In the single particle regime, the extent *z*_{0} was extracted from the coherence length given by the spectrum of the light source. Figure 4(d) confirms the good agreement between the calculated and the measured axial brightness profile. The lengths *r*_{0} and *r*_{b} were calibrated with an autocorrelation measurement of ∅109nm polystyrene microspheres matched to Eq. (11) by using the theoretical value for the diffusion coefficient *D*. These characteristic lengths *r*_{0}, *r*_{b} and *z*_{0} were then kept fixed and Eq. (11) was used to fit the auto-correlations shown in Fig. 6(a), where only *A*_{b}, *N* and *D* were free fit parameters.

*A*_{b} is obviously linked to the visibility of the side lobes as explained in section 2.3 (single particle regime). We calibrated *A*_{b,PS} by using the ∅109nm polystyrene microspheres. Taking the maximum signal *h*_{s} of the first side lobe with respect to the profile maximum signal in Fig. 4(c), we estimated the value *A*_{b} = *A*_{b,PS}*h*_{s,PS}/*h*_{s} for other particles. We then fitted the autocorrelation curves using Eq. (11) with only *N* and *D* being free parameters. These results differ by less than 6% with respect to the previous fit with *A*_{b} as a free parameter. Considering this small difference, the fitting can be done without having to measure first the brightness profile of each particle type. However, for the smallest NPs of ∅30nm, a correction factor has been used, as is explained in details in appendix B.

In the few particles regime, the same calibration values *r*_{0}, *r*_{b}, *z*_{0} and *A*_{b,PS} are used in the fit model. The free parameters are *D*, *N* and *A*_{c}. The theorical number of particles in a sampling volume is calculated from the brightness profile using Eq. (10).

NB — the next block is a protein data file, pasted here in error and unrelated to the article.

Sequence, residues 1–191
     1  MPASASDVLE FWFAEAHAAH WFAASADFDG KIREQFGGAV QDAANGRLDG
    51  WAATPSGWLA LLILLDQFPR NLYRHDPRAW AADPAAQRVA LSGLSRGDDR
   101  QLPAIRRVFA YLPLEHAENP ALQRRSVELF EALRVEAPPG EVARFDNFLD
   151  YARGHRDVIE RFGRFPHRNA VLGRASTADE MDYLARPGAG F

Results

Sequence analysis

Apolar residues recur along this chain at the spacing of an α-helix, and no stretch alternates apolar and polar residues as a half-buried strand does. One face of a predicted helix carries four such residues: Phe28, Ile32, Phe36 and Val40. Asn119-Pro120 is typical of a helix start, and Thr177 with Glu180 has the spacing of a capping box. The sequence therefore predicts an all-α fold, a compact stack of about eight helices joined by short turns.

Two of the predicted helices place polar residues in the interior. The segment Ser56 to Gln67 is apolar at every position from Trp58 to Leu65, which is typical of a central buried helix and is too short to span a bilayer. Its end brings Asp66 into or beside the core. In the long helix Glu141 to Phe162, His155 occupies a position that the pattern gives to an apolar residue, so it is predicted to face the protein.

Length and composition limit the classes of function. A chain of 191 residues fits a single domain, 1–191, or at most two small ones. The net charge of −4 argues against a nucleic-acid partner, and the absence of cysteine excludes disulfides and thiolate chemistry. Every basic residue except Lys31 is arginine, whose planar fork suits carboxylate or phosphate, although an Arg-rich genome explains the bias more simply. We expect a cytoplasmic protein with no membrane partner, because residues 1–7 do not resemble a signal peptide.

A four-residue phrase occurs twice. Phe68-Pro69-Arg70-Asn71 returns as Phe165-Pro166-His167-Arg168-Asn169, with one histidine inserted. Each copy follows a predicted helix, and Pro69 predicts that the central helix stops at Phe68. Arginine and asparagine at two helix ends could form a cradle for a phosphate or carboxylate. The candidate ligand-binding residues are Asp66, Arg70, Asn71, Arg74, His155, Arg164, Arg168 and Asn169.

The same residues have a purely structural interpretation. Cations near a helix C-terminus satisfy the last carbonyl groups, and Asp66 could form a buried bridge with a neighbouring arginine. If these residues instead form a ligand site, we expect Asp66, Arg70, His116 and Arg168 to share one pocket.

## 4. Experimental results

#### 4.1. Proof-of-principle experiments

It has been shown that the scattered field amplitude is proportional to the NPs volume up to diameters of 100nm [35, 36]. The expected third power dependency of the scattering signal versus NP diameter is well confirmed by our measurement as shown by the fitted trend line in Fig. 5.

In proof-of-principle experiments, we performed OCCS on freely diffusing gold NPs by varying the NP diameter and the viscosity of the solvent. Figure 6 summarizes the results of these experiments. The normalized auto-correlations of differently sized gold NPs (concentration: 9.3pM; ∅100nm, ∅80nm, ∅50nm illuminated with 2mW and ∅30nm illuminated with 8mW) are shown in Fig. 6(a). These NPs are freely diffusing in water inside the focal sampling volume *V*_{0} (Fig. 4(e)). Extracting the diffusion coefficients is based on a straightforward fitting procedure as described in the Data Analysis section. The fit residuals are on the order of a few percent, thus confirming the quality of our method. The extracted diffusion coefficients (Fig. 6(b)) are related by the Stokes-Einstein relation, *D* = *k*_{B}*T*/3*πηd*, where *k*_{B} is the Boltzmann constant, *T* the absolute temperature, *η* the fluid viscosity and *d* the particle diameter. Diffusion constants of up to 15 μm^{2} s^{−1} were measured. In a following experiment, we varied the viscosity by measuring ∅80nm gold NPs (illuminated with 2mW) diffusing in different glycerol/water solutions, over a range of 0% w/w up to 80% w/w of glycerol. The extracted diffusion data (Fig. 6(c)) matches well the viscosity versus glycerol concentration model according to Cheng [37].

So far, we introduced OCCS for the single particle regime. As OCCS is based on a coherent scattering process, the coherent interaction among signals from several particles cannot be neglected if more than one particle is contained in a sampling volume. The scattered field originating from several particles results in a speckle field, *i.e.* an additional coherent contribution that is absent in intensity based methods like FCS. This speckle field fluctuates in time due to the particles’ mutual movements and decorrelates at a rate of
$1/8{n}^{2}{\overline{{k}_{0}}}^{2}D$ as shown by Kalkman *et al.* [29]. Integrating this coherent contribution into Eq. (11) yields Eq. (13).